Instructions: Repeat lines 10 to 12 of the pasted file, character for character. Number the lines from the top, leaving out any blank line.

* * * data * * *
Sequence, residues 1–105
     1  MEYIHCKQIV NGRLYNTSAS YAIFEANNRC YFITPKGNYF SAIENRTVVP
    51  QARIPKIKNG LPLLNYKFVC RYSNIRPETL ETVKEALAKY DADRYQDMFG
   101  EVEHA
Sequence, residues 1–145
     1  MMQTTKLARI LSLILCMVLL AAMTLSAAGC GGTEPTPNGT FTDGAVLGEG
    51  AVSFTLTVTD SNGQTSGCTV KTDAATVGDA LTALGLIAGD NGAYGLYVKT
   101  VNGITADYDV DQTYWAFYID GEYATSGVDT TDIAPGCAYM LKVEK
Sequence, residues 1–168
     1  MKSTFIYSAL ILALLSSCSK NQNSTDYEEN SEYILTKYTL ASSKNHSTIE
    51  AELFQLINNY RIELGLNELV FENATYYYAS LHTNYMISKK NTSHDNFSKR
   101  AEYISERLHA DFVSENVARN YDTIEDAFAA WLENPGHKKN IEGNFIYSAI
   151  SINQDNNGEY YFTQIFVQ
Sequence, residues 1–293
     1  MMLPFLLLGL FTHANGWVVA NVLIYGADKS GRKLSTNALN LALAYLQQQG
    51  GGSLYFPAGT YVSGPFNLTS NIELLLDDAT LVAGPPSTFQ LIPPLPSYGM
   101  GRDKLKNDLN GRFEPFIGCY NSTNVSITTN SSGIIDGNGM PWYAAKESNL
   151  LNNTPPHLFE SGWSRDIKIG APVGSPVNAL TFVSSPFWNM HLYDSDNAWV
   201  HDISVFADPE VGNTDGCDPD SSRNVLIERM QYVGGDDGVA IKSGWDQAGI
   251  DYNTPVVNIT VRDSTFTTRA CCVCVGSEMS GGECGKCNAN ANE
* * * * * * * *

     1  MKSTFIYSAL ILALLSSCSK NQNSTDYEEN SEYILTKYTL ASSKNHSTIE
    51  AELFQLINNY RIELGLNELV FENATYYYAS LHTNYMISKK NTSHDNFSKR
   101  AEYISERLHA DFVSENVARN YDTIEDAFAA WLENPGHKKN IEGNFIYSAI